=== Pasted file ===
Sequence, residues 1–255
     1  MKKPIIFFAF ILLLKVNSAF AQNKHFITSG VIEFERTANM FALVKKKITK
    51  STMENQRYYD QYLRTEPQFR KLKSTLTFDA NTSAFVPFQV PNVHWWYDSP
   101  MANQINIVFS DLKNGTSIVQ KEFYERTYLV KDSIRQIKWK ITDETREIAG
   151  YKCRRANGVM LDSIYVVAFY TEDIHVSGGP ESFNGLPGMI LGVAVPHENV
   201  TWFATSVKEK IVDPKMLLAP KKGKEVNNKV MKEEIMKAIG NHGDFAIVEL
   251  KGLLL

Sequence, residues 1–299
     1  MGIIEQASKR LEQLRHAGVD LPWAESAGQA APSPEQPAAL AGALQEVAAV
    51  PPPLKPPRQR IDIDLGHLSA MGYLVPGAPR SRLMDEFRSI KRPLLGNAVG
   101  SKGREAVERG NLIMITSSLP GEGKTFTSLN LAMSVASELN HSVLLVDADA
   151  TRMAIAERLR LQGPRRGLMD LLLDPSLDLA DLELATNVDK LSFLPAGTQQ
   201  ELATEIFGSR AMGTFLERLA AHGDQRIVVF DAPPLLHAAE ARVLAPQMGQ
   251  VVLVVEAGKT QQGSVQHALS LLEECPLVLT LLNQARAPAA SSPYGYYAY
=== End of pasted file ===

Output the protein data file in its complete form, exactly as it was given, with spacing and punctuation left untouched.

Sequence, residues 1–255
     1  MKKPIIFFAF ILLLKVNSAF AQNKHFITSG VIEFERTANM FALVKKKITK
    51  STMENQRYYD QYLRTEPQFR KLKSTLTFDA NTSAFVPFQV PNVHWWYDSP
   101  MANQINIVFS DLKNGTSIVQ KEFYERTYLV KDSIRQIKWK ITDETREIAG
   151  YKCRRANGVM LDSIYVVAFY TEDIHVSGGP ESFNGLPGMI LGVAVPHENV
   201  TWFATSVKEK IVDPKMLLAP KKGKEVNNKV MKEEIMKAIG NHGDFAIVEL
   251  KGLLL

Sequence, residues 1–299
     1  MGIIEQASKR LEQLRHAGVD LPWAESAGQA APSPEQPAAL AGALQEVAAV
    51  PPPLKPPRQR IDIDLGHLSA MGYLVPGAPR SRLMDEFRSI KRPLLGNAVG
   101  SKGREAVERG NLIMITSSLP GEGKTFTSLN LAMSVASELN HSVLLVDADA
   151  TRMAIAERLR LQGPRRGLMD LLLDPSLDLA DLELATNVDK LSFLPAGTQQ
   201  ELATEIFGSR AMGTFLERLA AHGDQRIVVF DAPPLLHAAE ARVLAPQMGQ
   251  VVLVVEAGKT QQGSVQHALS LLEECPLVLT LLNQARAPAA SSPYGYYAY